Seattle University's student newspaper since 1933

The Spectator

Seattle University's student newspaper since 1933

The Spectator

Seattle University's student newspaper since 1933

The Spectator

Wood Shop: Closest Thing to Texas BBQ in Seattle


Wood Shop BBQ, a small restaurant- slash-bar tucked away in the Central District on S Jackson Street, is the closest thing this Texan has found to southwestern comfort food in Seattle. Kansas-born Matt Davis and Texas native James Barrington, who started the business in 2014 with a food truck, recently opened the doors to this permanent barbecue spot.


The Pulled Pork Mac Bowl with sausage topping.

At 4:30 on a Thursday afternoon, several people were already there to get their meat fix. My friend and I could smell the brisket smoking before we walked in.

The restaurant is tiny but accommodating; there’s one table with chairs, stools around the bar and another set of stools lined along the front window. The back wall is decorated with an illustrated map of barbecue-famous cities across the country, including Lockhart, Texas—what I consider to be the Mecca of smoked meats, and where my family makes a daytrip whenever I’m home.

When I decided to move from Austin, Texas to Seattle for college, I knew one of the biggest sacrifices would be my hometown barbecue. Few things in this world are as great as the glistening, charcoal-black crust of a smoked brisket, and knowing I would only get a taste on holiday breaks was a difficult adjustment.

It’s easy to be picky about barbecue because it has such stark regional variation, and my biased (correct) opinion is that Central Texas offers the best style in the country. We prioritize beef over pork, smoke over sauce and meat over sides. Thankfully, so does Wood Shop.

I got my usual order of a quarter- pound of brisket (lean) and a link of sausage, with coleslaw on the side. No ribs this time, since the smallest order would have been too much on top of everything else, though the guy behind the bar insisted they’re great. The prices were reasonable; it would be easy to rack up a big bill if you’re paying for a group, but I spent just over $15.

The menu has a great variation. In addition to standalone meat options, sold by the quarter pound, the restaurant offers sandwiches, plus smoked jalapeño mac and cheese bowls with a few different choices of meat as a topping. My friend ordered “The Woody,” which comes with pulled pork.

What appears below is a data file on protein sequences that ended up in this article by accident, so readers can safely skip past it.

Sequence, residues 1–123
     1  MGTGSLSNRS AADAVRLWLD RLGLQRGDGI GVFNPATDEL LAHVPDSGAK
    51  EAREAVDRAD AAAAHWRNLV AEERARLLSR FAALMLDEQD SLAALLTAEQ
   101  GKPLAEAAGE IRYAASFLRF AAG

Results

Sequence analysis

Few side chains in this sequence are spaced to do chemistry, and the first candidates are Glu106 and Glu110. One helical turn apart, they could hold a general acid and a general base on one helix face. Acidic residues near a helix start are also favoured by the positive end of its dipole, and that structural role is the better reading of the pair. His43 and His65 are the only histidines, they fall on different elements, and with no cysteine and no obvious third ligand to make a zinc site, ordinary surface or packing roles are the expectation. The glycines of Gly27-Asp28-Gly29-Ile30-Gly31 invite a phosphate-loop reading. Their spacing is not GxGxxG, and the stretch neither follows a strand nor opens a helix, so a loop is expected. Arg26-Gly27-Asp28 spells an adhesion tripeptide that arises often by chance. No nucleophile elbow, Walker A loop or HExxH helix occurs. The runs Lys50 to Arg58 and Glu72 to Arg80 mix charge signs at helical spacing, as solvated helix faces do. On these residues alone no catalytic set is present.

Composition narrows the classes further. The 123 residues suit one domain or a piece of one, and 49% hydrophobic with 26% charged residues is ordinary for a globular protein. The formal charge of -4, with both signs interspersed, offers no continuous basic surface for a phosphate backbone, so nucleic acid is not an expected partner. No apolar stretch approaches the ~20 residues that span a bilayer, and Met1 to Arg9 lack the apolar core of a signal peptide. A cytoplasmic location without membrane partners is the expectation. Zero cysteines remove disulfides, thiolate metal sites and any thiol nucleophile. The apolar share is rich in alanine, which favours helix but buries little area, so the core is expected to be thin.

Immediately the food made me think of home. The fatty, blackened ends of the brisket tore apart without the help of a knife, the sausage was juicy without being overly greasy and the coleslaw was a nice, light palette cleanser. I stole a bite of The Woody, too, which was as rich as its description suggested. A familiar heat started to build in the back of my throat after each bite, and I decided coming here wouldn’t just be a one-off.


Customers ordering their meals at Woodshop.

A strange thing happened around 2012. Barbecue—the food I’d always known as unfussy, unpretentious and cheap, cheap, cheap—became trendy. Pit masters started earning magazine cover stories. The Food Network began profiling joints across the country, soon dedicating entire shows to the craft. Many of my favorite places in Texas are now branded with the ultimate sign of success: an autographed photo of Guy Fieri, framed above the doorway as a declaration of big- name approval.

Where I’m from, plenty of locals are peeved that the secrets of our unique style of barbecue are spreading to the farthest corners of the country. But I couldn’t be more appreciative. This sudden spike in interest has paved the way for restaurants like Wood Shop to bring Texas barbecue to places far outside the state, and now West Coast transplants like me with homesick taste buds can satisfy our cravings nearby.

There are certainly atmospheric elements of the places I like to hit at home that I missed at Wood Shop. Seeing the meat sliced in front of you as you order, steam rising from its center; the cuts piled onto a greasy piece of butcher paper with a cool jalapeño and a hunk of cheddar cheese on the side; a fire burning in a corner of the room even though it’s a hundred-plus degrees out.

Atmosphere aside, the flavors were there, and I can’t ask for much more 2,000 miles away from home. And contrary to past barbecue experiences, I didn’t leave Wood Shop feeling like I had traded my soul for a future heart condition. Overall: A delicious plate of food I’d go back for anytime.

Wood Shop, at 2513 S Jackson Street, is open from 4 p.m. to midnight on weekdays, and from 11 a.m. to midnight—or until the meat is gone—Saturday through Sunday. Hours and locations for the food truck can be found at

Jenna may be reached at
[email protected]

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